Do you share documents online? Have you been fooled by the Google Docs scam?
Google has announced that the Google Docs system has been fooled by scammers, and up to a million users may have exposed their details to hackers.
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The scam claimed to come from Google Docs, with the subject line claiming a contact has 'shared a document on Google Docs with you'. It invited people to click a link and follow instructions in order to edit a Google Doc.
Those who clicked the link were taken to a Google-hosted page, and asked to allow a service to access their email account data. If they granted permission, they will have allowed hackers to potentially access their email account, contacts and online documents. It then emailed everyone in their contacts list with the same message.
What can you do?
Google said it had caught the attack and put a stop to it within an hour, but anyone who clicked on it during this time may have exposed their details. It said in a statement: "While contact information was accessed and used by the campaign, our investigations show that no other data was exposed."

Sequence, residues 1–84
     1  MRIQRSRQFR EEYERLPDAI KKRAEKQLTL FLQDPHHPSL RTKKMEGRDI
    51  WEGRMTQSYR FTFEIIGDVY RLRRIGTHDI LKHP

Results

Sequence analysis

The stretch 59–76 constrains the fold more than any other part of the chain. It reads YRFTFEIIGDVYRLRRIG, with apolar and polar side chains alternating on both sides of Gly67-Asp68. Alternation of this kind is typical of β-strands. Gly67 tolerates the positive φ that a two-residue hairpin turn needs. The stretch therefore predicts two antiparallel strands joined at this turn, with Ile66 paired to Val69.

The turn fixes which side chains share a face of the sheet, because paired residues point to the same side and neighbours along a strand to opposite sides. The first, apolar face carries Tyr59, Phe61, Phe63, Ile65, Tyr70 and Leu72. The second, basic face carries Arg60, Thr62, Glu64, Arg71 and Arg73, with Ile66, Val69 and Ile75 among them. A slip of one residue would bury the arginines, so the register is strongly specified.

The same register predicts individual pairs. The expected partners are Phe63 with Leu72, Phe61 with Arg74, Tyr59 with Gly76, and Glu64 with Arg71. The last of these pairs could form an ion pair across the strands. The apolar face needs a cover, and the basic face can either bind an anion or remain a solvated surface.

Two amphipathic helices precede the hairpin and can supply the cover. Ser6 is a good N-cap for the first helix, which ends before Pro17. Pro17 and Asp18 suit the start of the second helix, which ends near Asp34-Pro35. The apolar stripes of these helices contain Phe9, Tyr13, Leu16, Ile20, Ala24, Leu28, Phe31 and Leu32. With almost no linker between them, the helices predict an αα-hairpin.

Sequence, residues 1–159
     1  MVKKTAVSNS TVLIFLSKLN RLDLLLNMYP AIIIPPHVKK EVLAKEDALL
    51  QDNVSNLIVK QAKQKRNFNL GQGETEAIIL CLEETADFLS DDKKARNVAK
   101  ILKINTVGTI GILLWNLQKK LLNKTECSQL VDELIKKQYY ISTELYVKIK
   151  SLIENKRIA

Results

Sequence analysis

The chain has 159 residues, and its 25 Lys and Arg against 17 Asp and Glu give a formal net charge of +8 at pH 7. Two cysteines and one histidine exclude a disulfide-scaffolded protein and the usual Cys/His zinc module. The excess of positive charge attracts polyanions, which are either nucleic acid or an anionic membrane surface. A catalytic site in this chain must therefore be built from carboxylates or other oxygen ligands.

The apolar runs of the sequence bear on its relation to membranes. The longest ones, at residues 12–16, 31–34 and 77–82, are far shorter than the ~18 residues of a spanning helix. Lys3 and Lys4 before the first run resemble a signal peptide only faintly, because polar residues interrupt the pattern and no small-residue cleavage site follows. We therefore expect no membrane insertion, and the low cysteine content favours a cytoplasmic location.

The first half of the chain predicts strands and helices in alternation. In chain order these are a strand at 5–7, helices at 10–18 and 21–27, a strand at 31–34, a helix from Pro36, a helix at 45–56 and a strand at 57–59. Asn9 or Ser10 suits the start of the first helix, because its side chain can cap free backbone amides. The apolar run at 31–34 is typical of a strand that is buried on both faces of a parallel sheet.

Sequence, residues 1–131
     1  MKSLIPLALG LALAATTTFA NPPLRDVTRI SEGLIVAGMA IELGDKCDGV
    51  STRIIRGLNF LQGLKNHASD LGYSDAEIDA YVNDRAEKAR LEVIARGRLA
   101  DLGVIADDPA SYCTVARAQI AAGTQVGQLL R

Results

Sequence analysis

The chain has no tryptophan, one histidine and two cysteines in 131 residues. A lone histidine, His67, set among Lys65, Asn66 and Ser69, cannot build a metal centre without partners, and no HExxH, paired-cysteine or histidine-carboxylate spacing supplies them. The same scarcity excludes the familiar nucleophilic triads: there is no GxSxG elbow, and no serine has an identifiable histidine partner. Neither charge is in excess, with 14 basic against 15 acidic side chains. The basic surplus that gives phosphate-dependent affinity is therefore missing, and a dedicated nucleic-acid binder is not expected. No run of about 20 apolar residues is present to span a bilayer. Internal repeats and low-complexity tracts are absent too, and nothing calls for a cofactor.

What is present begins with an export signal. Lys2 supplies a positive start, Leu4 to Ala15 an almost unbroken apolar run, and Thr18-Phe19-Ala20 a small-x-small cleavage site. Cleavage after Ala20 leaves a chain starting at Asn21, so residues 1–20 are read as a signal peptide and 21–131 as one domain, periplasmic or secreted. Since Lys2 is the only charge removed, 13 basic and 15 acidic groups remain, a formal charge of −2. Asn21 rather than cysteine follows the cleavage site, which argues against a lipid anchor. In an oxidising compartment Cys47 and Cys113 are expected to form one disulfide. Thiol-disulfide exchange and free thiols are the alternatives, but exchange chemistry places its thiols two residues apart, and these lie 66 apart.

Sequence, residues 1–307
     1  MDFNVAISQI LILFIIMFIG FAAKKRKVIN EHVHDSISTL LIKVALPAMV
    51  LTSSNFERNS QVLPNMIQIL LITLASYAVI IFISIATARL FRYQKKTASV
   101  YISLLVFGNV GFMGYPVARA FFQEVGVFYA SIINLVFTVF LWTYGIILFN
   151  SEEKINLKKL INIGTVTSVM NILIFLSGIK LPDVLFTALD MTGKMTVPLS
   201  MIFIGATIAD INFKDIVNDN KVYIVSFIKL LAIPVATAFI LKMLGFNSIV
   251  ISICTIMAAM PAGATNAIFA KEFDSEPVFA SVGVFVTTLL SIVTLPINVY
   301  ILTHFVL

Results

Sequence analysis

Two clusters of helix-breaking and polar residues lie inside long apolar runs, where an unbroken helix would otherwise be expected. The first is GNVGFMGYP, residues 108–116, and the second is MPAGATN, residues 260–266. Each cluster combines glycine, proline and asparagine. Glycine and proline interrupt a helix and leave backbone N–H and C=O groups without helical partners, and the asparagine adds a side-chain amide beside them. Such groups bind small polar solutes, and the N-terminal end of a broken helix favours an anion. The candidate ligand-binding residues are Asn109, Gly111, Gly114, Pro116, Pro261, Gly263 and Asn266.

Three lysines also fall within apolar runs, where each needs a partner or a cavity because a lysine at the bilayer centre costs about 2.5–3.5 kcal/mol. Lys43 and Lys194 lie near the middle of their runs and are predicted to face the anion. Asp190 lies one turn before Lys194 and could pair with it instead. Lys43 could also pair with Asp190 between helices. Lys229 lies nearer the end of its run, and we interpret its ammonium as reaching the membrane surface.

"We have taken action to protect users against an email impersonating Google Docs, and have disabled offending accounts. We've removed the fake pages, pushed updates through Safe Browsing, and our abuse team is working to prevent this kind of spoofing from happening again."
It added: "There's no further action users need to take regarding this event; users who want to review third party apps connected to their account can visit Google Security Checkup." This is worth doing if you concerned you may have been affected.
You can also go to https://myaccount.google.com/permissions and see if "Google Docs" is listed as having access to your Google account. If it's there, it's the fake (the real one won't appear on this list). Select it, and click 'remove'.
Why this is a worry
Security experts say this represents a sophisticated development of the phishing scam, because instead of getting people to hand over their personal details, the scammers built an app that used Google's processes to enable them to access the data.
Raj Samani, Chief Scientist at McAfee added: "Phishing attacks remain the most common method of manipulating individuals into clicking on links and ultimately installing malicious content onto their systems. Taking advantage of trusted, well-known brands attempts to leverage the use of authority, resulting in the incoming messages to appear trusted to the consumer."
He said that the best way to protect ourselves is to be aware of the emails we are expecting, and be wary of anything unexpected - even if it comes from a trusted sender. He says: "Think twice before acting; go straight to the source through a different communication channel if you receive a link you were not expecting. Also, hover over links to see if it is a reliable URL. Or search online for other instances of this campaign, and what those instances could tell you about the email's legitimacy."